Referring to FIG. 8, the recess 76 communicates with a recess extension 80 having an open end 81 at the bead upper surface 64. The open end 81 permits passage of the second pin 74C during removal and installation of the cover. For example, comparing FIGS. 7 and 8, the cover is installed by inserting the pin 73B into the lower end of the recess 75. The pin 74C is introduced through the open end 81 and travels along the recess extension 80 to the lower end of recess 75. The first and second pins 73B, 74B remain in the lower ends of the recesses 75, 76 while the cover 32 is in the upstanding position and travel to the upper ends of the recesses 75, 76 when the cover 32 is in the capping position. Removal of the cover 32 is accomplished by reversing the above-described procedure.
Referring to FIGS. 7, 9, and 11, each cover plate 32 presents an inner perimeter flange 82 which is adapted to engage the outer face portion 54 (FIG. 7). It will be observed in FIGS. 7, 8 that live loads (not illustrated) applied to the cover plates 32 will be sustained solely at the bearing area between the inner perimeter flange 82 and the upper face portion 54. Thus the connections formed between the pins 73, 74 and the recesses 75, 76 are unaffected by applied live loads. As an alternative arrangement, a cover 32' (FIG. 13) may be provided having a front flange 83 at the confronting end 69' and posts 84 at the opposite sides of the remote end 70'.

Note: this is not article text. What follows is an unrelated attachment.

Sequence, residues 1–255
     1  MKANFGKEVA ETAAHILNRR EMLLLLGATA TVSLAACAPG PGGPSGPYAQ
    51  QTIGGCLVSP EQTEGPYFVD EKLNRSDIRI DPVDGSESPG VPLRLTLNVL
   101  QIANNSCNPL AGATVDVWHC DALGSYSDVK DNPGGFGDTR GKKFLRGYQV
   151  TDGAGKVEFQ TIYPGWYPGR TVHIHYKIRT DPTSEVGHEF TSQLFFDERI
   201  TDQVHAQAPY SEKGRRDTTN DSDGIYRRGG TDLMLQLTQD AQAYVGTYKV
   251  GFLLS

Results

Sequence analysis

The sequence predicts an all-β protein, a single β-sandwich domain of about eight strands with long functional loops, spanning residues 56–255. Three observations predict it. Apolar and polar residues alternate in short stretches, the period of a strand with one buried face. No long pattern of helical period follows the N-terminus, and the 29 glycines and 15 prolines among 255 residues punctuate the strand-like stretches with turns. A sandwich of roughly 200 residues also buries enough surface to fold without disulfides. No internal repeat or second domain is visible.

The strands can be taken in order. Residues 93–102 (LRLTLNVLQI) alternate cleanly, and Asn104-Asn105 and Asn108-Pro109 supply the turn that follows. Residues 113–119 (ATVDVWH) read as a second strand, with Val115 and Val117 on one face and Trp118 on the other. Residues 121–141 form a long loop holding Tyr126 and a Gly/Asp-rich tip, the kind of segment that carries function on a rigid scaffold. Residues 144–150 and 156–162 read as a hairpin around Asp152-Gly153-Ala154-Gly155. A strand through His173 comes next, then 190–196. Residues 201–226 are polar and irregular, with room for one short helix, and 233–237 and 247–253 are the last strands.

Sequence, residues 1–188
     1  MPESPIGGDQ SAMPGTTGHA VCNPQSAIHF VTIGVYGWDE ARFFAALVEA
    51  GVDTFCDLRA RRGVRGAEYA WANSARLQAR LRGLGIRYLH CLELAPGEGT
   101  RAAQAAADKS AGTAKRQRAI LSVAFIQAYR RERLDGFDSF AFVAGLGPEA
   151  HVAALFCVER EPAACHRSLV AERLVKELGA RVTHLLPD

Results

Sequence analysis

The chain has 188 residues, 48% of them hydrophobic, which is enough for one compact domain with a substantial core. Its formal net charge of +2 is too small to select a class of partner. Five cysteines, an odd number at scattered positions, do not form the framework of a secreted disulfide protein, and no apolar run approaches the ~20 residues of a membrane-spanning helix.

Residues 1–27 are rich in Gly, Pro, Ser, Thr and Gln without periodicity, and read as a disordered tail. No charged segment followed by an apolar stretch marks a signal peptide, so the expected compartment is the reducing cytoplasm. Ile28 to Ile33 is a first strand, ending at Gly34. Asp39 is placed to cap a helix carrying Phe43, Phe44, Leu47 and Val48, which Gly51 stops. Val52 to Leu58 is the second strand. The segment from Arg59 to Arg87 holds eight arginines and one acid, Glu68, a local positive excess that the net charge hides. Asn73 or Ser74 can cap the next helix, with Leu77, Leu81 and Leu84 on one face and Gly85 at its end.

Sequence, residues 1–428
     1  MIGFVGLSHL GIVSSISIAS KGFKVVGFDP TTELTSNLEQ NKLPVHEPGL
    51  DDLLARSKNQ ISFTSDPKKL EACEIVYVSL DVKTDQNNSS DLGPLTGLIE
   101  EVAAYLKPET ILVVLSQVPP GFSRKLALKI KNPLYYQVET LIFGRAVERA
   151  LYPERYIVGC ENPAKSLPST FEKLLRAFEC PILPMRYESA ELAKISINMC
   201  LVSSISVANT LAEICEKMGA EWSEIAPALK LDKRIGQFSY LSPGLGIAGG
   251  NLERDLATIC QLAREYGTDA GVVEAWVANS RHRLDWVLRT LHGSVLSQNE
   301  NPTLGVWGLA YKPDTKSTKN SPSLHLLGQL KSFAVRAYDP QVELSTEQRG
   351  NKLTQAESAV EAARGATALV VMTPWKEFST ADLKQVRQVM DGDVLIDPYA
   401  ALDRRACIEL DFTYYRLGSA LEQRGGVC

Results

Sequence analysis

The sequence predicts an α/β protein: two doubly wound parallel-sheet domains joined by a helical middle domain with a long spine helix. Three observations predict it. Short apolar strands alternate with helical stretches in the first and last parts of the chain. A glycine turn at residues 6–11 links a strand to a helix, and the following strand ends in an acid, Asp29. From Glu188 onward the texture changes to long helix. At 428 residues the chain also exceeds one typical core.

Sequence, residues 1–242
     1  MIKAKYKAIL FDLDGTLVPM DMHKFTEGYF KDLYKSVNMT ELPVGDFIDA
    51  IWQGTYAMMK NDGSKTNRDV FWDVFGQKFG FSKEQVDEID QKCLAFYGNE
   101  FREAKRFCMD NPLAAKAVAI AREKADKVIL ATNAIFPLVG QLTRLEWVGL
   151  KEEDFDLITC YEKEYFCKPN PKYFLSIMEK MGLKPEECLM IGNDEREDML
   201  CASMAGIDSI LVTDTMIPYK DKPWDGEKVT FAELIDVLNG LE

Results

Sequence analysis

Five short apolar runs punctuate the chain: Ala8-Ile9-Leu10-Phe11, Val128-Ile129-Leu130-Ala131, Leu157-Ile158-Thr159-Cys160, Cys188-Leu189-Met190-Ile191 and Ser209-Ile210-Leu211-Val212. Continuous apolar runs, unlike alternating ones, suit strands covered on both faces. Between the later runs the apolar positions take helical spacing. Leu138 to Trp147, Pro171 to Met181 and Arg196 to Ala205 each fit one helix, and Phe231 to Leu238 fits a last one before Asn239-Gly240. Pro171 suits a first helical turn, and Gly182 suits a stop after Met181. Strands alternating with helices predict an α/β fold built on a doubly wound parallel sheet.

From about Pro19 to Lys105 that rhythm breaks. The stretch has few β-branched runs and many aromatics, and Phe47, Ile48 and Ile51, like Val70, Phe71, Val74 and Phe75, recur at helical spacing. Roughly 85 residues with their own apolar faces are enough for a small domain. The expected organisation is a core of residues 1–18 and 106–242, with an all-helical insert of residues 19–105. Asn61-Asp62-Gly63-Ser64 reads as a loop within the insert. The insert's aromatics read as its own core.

Means are provided which facilitate raising each cover from the capping position to the upstanding position. A depression 85 (FIGS. 9, 10) is provided adjacent one side of the cover 32 at the juncture of the confronting end 69 and the cover upper face 86; and that a thin-wall segment 87 is provided adjacent the opposite side of the cover 32 at the confronting end 69 and at the cover upper face 86. When the covers 32 are in the capping position (FIGS. 12, 13) each depression 85 is directly opposite to a thin-wall segment 87. Either of the covers 32 may be elevated to the upstanding position by introducing, for example, a fingernail through one of the depressions 85 and beneath the thin-wall segment 87.